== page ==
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  Talk Elections
  Other Elections - Analysis and Discussion
  International Elections (Moderators: Gustaf, afleitch, Hash)
  Spanish elections and politics II (State of Coronavirus Alarm declared) (search mode)
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Author Topic: Spanish elections and politics II (State of Coronavirus Alarm declared)  (Read 96852 times)
rob in cal
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« on: February 12, 2019, 04:54:12 pm »

  So no plans to consolidate the vote with European elections in May?
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rob in cal
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Posts: 1,850
« Reply #1 on: February 17, 2019, 07:27:51 pm »

  So what is the vote % crossover point for a party running throughout the country like Vox to win a seat share approximate to its vote share. Looks like right now its 8.8% in the last poll gets it about 4.5 % of the seats. This wastage alone might be enough to deny the PP, C, and Vox a majority.
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rob in cal
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« Reply #2 on: April 10, 2019, 01:05:28 am »

  So in some of the 3 and 4 seat districts it would make sense for Vox and UP voters to vote tactically for either the PP or PSOE, if they want to help the bigger party closer to them on the ideology scale and when their party has a low chance to win one of the seats. Has tactical voting like this occured in recent Spanish elections?
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rob in cal
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« Reply #3 on: April 26, 2019, 10:50:20 am »

  Any sense of what  the combined seat total of PSOE plus UP would be for a viable Sanchez government?
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rob in cal
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« Reply #4 on: April 27, 2019, 01:55:16 pm »

Ok, so whats the seat target figure for combined right wing parties that gets Casado in as PM?  Somewhere in the low 170's?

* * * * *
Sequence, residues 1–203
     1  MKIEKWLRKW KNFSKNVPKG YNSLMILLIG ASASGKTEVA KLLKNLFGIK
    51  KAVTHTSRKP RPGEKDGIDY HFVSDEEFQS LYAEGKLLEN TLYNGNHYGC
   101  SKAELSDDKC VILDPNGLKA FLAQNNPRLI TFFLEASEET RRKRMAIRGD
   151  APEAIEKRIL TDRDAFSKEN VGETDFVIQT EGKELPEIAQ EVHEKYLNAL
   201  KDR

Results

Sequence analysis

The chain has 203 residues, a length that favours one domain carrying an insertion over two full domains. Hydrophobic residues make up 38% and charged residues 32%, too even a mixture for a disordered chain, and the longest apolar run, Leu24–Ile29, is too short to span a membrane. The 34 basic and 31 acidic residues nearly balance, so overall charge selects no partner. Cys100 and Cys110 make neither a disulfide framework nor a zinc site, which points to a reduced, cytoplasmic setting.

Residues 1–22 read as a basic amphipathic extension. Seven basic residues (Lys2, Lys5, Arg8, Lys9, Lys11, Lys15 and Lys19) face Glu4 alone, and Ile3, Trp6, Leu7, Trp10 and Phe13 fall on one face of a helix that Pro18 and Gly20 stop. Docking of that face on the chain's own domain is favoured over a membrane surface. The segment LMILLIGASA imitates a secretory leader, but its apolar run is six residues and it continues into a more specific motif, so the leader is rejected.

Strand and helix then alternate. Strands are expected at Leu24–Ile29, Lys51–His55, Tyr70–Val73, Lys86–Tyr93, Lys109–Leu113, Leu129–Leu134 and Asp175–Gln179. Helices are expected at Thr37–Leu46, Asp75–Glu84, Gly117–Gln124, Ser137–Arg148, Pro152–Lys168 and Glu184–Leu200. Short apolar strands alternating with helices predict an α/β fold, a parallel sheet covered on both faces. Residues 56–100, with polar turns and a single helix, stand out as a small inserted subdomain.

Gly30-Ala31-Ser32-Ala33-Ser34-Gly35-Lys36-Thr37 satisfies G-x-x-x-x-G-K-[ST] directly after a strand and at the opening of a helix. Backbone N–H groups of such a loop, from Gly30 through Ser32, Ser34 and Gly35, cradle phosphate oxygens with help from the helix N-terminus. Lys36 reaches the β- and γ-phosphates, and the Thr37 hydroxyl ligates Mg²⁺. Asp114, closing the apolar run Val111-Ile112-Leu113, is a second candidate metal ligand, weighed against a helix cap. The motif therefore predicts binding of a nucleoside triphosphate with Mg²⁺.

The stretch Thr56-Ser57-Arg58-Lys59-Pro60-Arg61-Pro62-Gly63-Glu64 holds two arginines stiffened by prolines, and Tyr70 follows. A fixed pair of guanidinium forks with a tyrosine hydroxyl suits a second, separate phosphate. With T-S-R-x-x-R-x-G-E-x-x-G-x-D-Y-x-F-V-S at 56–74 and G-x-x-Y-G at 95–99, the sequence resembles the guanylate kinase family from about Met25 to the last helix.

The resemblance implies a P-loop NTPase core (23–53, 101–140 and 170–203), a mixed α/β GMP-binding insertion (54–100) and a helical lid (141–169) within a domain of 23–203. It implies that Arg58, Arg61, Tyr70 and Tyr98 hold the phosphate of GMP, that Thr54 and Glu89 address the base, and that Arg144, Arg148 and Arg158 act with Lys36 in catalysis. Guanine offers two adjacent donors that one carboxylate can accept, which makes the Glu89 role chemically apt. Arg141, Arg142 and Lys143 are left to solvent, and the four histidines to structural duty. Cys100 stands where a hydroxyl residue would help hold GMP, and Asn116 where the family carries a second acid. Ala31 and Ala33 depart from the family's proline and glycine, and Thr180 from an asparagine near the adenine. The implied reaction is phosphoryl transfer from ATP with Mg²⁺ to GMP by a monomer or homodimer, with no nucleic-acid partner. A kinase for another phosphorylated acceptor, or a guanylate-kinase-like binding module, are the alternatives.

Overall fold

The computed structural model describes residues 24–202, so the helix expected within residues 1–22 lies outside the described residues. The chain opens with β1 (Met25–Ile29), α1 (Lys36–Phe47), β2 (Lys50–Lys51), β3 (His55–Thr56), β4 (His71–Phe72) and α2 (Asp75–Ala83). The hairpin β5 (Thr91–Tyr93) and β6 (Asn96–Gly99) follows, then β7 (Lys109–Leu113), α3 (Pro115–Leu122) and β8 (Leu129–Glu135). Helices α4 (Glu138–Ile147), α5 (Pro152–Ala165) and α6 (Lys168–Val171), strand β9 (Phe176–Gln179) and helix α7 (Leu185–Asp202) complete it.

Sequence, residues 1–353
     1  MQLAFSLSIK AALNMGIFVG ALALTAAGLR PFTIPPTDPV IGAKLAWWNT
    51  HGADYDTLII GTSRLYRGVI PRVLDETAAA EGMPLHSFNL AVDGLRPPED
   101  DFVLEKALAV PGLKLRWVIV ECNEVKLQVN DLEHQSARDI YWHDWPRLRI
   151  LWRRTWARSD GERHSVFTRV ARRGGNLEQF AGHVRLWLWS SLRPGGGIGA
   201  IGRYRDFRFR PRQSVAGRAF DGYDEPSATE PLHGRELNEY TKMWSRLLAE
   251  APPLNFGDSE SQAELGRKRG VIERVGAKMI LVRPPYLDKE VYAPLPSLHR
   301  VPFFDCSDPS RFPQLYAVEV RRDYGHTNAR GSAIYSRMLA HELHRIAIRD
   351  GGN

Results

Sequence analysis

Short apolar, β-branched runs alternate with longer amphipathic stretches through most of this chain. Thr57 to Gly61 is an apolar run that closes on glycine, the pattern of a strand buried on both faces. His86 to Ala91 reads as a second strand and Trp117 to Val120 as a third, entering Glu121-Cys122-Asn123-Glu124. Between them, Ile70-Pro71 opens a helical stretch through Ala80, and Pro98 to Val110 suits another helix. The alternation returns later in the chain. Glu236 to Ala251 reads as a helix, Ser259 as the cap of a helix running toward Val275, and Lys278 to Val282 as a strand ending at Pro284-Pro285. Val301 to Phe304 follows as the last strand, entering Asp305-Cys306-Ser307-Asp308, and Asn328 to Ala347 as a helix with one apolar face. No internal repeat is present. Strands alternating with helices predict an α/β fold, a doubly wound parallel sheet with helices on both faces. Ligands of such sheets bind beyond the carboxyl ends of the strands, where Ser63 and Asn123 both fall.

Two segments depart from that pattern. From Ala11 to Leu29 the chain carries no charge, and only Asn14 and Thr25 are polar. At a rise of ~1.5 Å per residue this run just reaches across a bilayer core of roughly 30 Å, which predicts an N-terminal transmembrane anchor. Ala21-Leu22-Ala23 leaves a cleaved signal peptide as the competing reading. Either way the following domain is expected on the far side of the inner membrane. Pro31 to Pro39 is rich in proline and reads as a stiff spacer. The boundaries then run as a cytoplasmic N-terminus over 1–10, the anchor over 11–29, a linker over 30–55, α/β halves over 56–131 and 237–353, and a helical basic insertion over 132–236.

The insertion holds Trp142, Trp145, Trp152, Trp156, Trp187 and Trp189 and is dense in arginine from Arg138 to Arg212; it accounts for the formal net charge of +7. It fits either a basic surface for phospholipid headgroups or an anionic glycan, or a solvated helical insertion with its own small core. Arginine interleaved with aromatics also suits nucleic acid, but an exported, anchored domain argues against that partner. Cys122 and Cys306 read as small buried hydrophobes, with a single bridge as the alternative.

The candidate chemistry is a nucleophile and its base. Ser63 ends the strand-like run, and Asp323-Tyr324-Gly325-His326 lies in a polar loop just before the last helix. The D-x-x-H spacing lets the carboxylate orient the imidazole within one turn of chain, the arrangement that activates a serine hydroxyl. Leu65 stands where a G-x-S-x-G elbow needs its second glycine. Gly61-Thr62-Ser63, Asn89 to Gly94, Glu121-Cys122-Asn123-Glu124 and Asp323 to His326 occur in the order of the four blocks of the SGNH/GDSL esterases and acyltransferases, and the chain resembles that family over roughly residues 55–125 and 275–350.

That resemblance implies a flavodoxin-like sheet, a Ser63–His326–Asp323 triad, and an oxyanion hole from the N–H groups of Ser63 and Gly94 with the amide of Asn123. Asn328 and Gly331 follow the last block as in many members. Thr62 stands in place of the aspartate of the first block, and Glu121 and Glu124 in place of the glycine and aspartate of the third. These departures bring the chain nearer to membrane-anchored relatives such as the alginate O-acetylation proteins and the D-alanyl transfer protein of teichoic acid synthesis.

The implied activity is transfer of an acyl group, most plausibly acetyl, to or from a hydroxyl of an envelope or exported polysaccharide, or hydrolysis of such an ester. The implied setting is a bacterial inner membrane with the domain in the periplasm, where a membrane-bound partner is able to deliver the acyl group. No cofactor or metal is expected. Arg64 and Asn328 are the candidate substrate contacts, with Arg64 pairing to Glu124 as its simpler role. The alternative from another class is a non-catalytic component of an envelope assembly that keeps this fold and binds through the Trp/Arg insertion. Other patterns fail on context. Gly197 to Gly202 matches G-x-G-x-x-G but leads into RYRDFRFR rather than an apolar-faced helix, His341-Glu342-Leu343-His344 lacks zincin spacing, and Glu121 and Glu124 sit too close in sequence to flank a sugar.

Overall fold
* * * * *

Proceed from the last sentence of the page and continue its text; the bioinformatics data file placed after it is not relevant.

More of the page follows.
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rob in cal
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Posts: 1,850
« Reply #5 on: April 28, 2019, 10:11:47 am »

  I do buy into the idea of previous non-voters who lean strongly to the right being more likely to vote this time around with Vox being a viable choice, whereas in previous elections PP was the only viable choice.  So in theory a greater % of the vote going overall to right wing parties just because of this.
  
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rob in cal
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Posts: 1,850
« Reply #6 on: April 28, 2019, 04:00:30 pm »

  One the one hand in a more proportional system the blocs would be equal, but in that case it would still be  a PSOE government due to the regionalists.
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rob in cal
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Posts: 1,850
« Reply #7 on: April 29, 2019, 03:59:12 pm »

Too lazy to find this, but what places with more than say 15000 inhabitants had the biggest right wing and biggest left wing majorities, outside of the Catalonia and Basque regions.
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rob in cal
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« Reply #8 on: May 01, 2019, 11:10:43 am »

  Its amazing to see the urban vote, especially broken down by district. In the cities, aside from Barcelona and Bilboa, there are so few areas that we see in other western democracies where the parties of the left absolutely dominate, crush the opposition. Instead, they win a lot of districts just getting 55% or less of the vote.
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rob in cal
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« Reply #9 on: July 24, 2019, 04:03:28 pm »

Has there been much of an immigration debate in the government formation talks?  Is there much difference between PSOE and UP on the issue?
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rob in cal
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« Reply #10 on: September 21, 2019, 07:14:48 am »

Any developments in terms of a pp and c electoral alliance? .without that, can't see much hope for improvement on the right.
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rob in cal
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Posts: 1,850
« Reply #11 on: November 14, 2019, 03:44:45 pm »

Couple questions.  Is there a PP or Vox politician who calls for a hard line on immigration, but is not for  a crackdown on Catalonia?  I would think there would be someone out there whose top concern would be keeping Spain ethnically about how it is now, but wouldn't be nearly concerned about whether Catalonia moves toward independence.

Also, among the Basque and Catalonian parties do any stake out any clear positions on the rightwing when it comes to immigration policy.
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